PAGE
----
I’ll even go further with my last post and say that not only is steatopygia a human adaptation, it also seems to be a trait primarily associated with a hot, savanna environment. As some posters have commented here, that leaves the question of why Bigfoot would have or maintain this sort of trait in its current habitat. Even if Bigfoot evolved in such an arid environment, a trait like this would likely not just hang around if there was no benefit from it, which is why it is typically confined to people living in this sort of climate. So by saying that Patty is exhibiting this adaptation, we are not only assuming that sasquatch would have steatopygia to begin with, but that it is defying the usual circumstances under which the characteristic is found which is a hot, arid environment. Still interesting, but that is a lot of jumps for me considering what is known about this trait in humans as well as how little we actually know of sasquatch physiology. I appreciate the visual comparison of Patty to steatopygia in humans, and I won’t rule it out entirely, but superficial similarities are not always a good indicator of actual function.

  24. Loren Coleman responds:

    Hold the presses mystery man and others…don’t believe everything you read in Wikipedia as being complete. Don’t take comments above as complete either.

    Before all the various statements here about an arid climate as the origin of steatpygia being taken as fact (because a few people are thinking “Bushmen Hottentot” only), let me say “Whoa!”

    For one thing, there are three known human populations that show the trait: Pleistocene humans living in cold Europe and Asia climates; the Khoisan (Bushman, Hottentot) of desert climes; and the Andamanese (Jarawa, Onge) of subtropical rainforests. It is an old genetic trait among at least one form of bipedal primate, and thus it has some possible attractiveness as a point of discussion for Bigfoot.

    But first, let me say this clearly: The link between steatopygia and “arid” climates is a myth, as used here to so quickly dismiss Bigfoot as a candidate for having it.

    Here’s a few words from anthropologist George Weber on some basics:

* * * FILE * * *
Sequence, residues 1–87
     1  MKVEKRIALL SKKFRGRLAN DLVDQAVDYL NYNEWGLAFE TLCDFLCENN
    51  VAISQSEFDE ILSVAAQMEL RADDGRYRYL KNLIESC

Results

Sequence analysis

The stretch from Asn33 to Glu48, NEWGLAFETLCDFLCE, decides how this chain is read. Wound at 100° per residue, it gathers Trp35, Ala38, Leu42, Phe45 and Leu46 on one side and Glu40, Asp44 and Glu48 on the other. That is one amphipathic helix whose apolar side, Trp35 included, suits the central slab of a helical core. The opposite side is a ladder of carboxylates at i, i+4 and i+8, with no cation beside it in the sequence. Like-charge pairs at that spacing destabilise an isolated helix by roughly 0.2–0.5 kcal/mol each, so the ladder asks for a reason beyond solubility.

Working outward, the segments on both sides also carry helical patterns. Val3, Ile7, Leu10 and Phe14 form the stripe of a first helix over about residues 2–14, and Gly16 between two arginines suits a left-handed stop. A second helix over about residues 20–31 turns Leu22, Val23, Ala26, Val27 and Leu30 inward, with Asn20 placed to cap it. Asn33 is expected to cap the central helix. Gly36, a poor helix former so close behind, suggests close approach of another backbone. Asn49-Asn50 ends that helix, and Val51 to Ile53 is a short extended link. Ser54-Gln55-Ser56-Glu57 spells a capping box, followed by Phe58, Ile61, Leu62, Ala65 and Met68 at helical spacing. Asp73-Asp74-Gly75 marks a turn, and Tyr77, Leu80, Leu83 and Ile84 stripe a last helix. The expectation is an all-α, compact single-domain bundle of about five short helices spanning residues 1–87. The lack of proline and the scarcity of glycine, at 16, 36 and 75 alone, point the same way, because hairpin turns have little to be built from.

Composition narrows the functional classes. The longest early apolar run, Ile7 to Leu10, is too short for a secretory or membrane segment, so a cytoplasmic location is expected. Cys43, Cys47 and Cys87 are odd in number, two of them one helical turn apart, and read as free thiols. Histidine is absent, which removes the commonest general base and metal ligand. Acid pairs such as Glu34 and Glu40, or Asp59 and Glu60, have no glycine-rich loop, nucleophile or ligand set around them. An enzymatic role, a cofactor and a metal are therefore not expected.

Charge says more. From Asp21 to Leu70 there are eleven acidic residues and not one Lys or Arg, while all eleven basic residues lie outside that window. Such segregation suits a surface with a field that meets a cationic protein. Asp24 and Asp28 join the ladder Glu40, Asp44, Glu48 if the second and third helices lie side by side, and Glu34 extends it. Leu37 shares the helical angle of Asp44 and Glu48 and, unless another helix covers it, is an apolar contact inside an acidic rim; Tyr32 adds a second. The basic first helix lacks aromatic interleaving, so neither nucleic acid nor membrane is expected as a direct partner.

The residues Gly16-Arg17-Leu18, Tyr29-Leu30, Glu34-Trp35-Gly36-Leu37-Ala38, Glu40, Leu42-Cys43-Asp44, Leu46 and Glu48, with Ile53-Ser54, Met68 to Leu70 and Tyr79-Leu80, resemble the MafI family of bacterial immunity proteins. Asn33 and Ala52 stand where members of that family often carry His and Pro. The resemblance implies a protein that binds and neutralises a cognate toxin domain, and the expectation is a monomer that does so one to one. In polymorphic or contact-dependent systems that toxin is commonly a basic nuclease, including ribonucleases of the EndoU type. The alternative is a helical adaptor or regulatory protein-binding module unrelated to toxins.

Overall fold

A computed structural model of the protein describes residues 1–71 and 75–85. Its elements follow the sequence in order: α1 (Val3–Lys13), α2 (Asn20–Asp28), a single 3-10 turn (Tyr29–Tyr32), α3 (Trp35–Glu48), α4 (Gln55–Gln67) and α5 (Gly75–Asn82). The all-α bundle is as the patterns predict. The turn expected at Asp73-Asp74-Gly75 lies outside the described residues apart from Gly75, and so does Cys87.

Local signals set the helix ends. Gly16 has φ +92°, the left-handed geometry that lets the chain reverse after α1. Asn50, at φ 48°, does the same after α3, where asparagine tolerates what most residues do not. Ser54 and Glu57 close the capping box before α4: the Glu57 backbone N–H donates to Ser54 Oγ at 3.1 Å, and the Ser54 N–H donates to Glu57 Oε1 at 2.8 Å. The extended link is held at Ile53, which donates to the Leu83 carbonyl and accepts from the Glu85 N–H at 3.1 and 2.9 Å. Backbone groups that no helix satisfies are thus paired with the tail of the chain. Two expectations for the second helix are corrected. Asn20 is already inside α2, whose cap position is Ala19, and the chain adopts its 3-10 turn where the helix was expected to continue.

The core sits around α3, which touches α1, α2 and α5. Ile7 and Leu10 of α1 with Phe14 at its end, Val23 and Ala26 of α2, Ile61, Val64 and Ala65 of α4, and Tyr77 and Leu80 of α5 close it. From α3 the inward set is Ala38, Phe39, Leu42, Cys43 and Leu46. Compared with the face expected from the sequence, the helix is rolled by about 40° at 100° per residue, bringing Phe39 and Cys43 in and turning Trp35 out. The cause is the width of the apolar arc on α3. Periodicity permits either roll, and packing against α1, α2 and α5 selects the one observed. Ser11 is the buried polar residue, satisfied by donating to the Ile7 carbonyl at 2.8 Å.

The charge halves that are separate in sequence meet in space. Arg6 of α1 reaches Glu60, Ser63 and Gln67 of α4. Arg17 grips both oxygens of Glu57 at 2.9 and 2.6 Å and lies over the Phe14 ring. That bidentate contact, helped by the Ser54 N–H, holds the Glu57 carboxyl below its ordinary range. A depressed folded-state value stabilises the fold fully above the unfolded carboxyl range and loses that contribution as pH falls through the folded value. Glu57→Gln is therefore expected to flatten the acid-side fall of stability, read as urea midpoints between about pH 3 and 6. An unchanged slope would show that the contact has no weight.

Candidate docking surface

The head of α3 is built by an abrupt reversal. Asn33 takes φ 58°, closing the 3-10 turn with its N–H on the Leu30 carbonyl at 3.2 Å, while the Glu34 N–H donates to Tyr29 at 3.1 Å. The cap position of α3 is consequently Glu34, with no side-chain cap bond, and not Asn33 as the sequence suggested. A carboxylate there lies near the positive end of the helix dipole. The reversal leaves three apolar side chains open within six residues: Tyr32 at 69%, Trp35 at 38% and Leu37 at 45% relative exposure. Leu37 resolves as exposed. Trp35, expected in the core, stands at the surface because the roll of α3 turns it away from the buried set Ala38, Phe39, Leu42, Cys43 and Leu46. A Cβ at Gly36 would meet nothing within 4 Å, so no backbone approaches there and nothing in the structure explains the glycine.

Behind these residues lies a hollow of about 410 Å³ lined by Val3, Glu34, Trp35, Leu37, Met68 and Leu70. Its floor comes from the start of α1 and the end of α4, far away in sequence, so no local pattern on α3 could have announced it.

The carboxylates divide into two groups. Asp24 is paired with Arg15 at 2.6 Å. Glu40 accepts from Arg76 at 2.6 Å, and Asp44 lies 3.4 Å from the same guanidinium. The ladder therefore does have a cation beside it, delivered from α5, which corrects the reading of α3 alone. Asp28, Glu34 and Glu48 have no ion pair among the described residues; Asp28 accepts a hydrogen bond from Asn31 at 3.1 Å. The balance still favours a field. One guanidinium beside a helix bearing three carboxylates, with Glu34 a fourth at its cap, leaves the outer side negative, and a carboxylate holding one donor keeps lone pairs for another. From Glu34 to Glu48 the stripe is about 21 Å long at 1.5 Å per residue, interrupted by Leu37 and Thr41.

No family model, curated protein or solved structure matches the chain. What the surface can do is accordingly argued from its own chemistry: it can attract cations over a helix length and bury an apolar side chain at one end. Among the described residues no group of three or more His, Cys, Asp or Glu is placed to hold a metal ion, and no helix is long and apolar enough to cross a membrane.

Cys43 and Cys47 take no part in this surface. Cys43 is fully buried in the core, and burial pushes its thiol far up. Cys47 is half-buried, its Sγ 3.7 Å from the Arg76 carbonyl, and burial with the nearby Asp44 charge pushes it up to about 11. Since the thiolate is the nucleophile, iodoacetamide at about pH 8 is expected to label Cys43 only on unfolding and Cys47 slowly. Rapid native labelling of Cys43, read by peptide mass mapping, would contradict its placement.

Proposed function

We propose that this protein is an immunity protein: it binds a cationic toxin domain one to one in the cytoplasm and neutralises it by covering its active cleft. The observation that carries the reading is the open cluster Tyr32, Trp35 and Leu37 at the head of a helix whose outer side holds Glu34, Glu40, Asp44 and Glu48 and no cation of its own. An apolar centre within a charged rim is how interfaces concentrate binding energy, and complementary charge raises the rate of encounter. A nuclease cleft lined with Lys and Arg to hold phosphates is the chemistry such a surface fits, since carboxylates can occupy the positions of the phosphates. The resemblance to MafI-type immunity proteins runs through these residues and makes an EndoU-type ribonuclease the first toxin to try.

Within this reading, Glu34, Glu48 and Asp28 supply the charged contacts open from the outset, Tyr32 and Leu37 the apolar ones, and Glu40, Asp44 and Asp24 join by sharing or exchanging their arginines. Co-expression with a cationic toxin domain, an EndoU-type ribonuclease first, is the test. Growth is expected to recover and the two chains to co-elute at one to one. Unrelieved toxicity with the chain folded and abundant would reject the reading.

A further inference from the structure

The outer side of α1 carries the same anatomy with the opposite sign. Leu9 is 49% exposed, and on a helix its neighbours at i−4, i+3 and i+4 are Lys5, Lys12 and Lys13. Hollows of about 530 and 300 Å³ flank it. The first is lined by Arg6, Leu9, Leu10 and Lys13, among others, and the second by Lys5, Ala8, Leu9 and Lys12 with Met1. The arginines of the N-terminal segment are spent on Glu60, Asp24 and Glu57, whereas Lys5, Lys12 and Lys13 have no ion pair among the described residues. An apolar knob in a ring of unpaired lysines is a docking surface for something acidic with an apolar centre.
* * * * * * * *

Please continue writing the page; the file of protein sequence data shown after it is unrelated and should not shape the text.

Steatopygia is a genetic trait that seems to have been widespread in Eurasia during the icy pleistocene until around 10,000 years ago. It is a way of storing fat reserves (energy) for hard times. The steatopygous ice-age “Venus” figurines…indicate at the very least that the trait was revered and desirable in a woman.

    In the present warm period, the holocene (started 10,000 years ago) human life became easier and the spread of agriculture (started in a few climatically favoured areas around 8,000 years ago) has made food supplies more predictable. It is noticeable that there have been no known steatopygous farming people.

    Only two living populations are today known to still (occasionally and increasingly rarely) have steatopygous women. Both are (or until very recently have been) among the few remaining hunting-gathering societies: the Khoisan of South Africa and the Andamanese. That those two populations also have in common the rare “peppercorn hair” type adds to the suspicions that they are somehow related. If so, it is a relationship that would go back right to the development of the earliest modern Homo sapiens. That he and she developed in Africa there is little doubt today.

    That such remarkable similarities of otherwise rare genetic traits in two widely separated groups has received so little scientific attention is remarkable.

    Sharing at least steatopygia and peppercorn hair, the two groups could indeed be genetically related. Another possibility is that both groups have lived hunting-gathering lives in harsh environments until only a century or so ago and so have preserved traits that were once universal or widespread among Homo sapiens. But then, why is steatopygia absent among, for example, hunting-gathering Australian aborigines? We do not know. Steatopygia has many unexplained and unexplored aspects hinting at as yet unexplored ancient Human migrations and relationships.

  25. mystery_man responds:

    That’s certainly interesting info, Loren. Thanks. I am always eager to learn more. I still wonder how much we can surmise about sasquatch based on observations of this condition in humans, though. I can see that since both are bipedal primates, there is merit to the theory and I agree that it is an interesting line of questioning that could lead to shedding light on the PG footage. The fact remains though that we don’t really know just how closely related this creature is to us and any superficial similarities cannot be relied upon too heavily. I just feel that perhaps it would be too hasty to start drawing too many parallels or making assumptions linking humans to a creature we know very little about.

  26. Loren Coleman responds: